The tiny asteroid that zipped between Earth and the moon this past September wasn't big enough to have caused any damage if it entered our atmosphere, but the heavens hold a lot of other big space rocks and conceivably one day one of those giant asteroids could hit the Earth, with disastrous results. Case in point, the meteor that exploded over Russia this past February injured more than 1,000 people.  

The United Nations doesn't want that to happen again, so this week they announced a plan to set up what they have dubbed the International Asteroid Warning Network, as well as a planning advisory group to develop ideas on how to deflect any asteroid perceived to be a threat to the planet. Some of the new mission will be conducted under the U.N.'s existing Committee on the Peaceful Uses of Outer Space, which includes 74 member nations ranging from the U.S. to Russia to Iran.

All of this comes as a response to recommendations from the Association of Space Explorers, which urged the world's individual nations to delegate the responsibility for monitoring and mitigating space-bound threats to an international body. "No government in the world today has explicitly assigned the responsibility for planetary protection to any of its agencies," ASE member Rusty Schweickart (an Apollo 9 astronaut) said at a public event last week. "NASA does not have an explicit responsibility to deflect an asteroid, nor does any other space agency."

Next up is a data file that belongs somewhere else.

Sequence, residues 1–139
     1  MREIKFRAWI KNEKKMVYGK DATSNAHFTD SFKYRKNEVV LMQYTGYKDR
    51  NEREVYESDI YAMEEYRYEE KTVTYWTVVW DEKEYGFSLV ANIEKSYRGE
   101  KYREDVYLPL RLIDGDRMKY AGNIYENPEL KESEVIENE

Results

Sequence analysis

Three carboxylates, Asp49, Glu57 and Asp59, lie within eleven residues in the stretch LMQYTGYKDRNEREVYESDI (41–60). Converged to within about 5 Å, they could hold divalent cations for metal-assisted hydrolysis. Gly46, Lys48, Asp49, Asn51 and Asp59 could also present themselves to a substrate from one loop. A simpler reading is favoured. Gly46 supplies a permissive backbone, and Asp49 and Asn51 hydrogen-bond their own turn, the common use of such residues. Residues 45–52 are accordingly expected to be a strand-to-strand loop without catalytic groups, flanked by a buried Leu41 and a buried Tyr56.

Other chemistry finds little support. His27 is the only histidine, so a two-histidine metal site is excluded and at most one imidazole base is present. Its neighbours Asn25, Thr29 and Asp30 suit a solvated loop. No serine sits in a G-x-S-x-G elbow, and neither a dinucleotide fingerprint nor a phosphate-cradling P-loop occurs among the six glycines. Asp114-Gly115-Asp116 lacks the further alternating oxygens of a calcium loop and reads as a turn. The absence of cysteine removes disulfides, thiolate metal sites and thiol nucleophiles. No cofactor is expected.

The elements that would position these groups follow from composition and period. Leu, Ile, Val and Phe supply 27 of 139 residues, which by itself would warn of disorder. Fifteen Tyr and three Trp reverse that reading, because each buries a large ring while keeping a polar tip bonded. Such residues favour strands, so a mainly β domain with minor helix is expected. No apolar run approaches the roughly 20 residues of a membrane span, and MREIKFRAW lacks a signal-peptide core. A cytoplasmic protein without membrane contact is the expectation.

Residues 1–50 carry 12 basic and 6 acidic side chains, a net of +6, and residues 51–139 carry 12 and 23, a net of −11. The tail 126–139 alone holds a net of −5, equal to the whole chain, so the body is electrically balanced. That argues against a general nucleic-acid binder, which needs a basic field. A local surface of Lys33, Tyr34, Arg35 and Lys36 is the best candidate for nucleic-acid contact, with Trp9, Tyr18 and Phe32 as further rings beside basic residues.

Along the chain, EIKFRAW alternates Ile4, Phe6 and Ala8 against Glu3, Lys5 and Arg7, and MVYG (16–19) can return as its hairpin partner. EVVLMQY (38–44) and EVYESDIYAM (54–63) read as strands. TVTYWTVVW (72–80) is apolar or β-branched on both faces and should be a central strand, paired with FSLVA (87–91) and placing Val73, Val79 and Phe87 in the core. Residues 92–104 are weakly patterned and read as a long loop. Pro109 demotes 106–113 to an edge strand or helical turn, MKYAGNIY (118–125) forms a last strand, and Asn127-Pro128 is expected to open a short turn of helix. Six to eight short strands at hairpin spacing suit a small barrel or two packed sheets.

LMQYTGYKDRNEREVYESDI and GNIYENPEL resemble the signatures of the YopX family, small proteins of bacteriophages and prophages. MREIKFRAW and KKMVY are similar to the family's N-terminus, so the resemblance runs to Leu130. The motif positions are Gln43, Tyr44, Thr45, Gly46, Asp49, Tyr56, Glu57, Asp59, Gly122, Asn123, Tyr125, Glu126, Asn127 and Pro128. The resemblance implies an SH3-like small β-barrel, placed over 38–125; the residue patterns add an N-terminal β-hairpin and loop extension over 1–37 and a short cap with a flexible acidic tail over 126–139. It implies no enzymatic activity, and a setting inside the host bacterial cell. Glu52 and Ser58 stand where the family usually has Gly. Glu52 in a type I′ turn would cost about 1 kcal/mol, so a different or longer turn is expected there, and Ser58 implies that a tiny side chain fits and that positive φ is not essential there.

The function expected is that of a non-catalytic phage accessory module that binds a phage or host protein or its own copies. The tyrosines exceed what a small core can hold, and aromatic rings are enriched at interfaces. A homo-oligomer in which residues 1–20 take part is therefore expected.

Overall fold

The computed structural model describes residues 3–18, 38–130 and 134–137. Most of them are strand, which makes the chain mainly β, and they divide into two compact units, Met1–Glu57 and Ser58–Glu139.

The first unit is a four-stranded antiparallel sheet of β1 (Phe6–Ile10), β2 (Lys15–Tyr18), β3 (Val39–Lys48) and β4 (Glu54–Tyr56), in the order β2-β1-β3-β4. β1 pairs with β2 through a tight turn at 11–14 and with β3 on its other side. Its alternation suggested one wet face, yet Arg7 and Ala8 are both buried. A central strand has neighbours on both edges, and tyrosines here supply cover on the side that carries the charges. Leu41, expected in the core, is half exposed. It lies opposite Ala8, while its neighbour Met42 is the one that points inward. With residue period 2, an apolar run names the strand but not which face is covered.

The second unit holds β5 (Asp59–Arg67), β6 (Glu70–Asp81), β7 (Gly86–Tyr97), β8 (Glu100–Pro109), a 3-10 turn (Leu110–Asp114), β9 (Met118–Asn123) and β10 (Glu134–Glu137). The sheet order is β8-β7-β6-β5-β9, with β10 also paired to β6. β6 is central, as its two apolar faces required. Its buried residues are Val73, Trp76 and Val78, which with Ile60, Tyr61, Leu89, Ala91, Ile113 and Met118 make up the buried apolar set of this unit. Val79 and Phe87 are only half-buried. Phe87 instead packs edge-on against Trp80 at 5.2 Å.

Schweickart's comments came during an ASE public event about "near-Earth objects" which was held in conjunction with the U.N.'s General Assembly meeting where the new asteroid protection plan was formalized. Former astronaut Ed Lu said during the forum, "There are about 1 million asteroids large enough to destroy New York City or larger. Our challenge is to find these asteroids first before they find us." Lu himself founded the B612 Foundation, which is developing a space telescope to look for future threats.

Schweickart said that the ultimate goal should not be to identify potential asteroid threats just a few weeks or months before they might hit but five or ten years before they become a danger. Hitting an asteroid that far off could alter its course just enough to avoid hitting Earth. Waiting until it was a year out would not be enough and a potential impact zone would need to be evacuated.

The ASE's panel discussion, moderated by astrophysicist Neil deGrasse Tyson, was streamed live and can be seen below:

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United Nations takes aim at asteroids
A new international effort will monitor potential asteroid threats and examine how to deflect them before they hit Earth.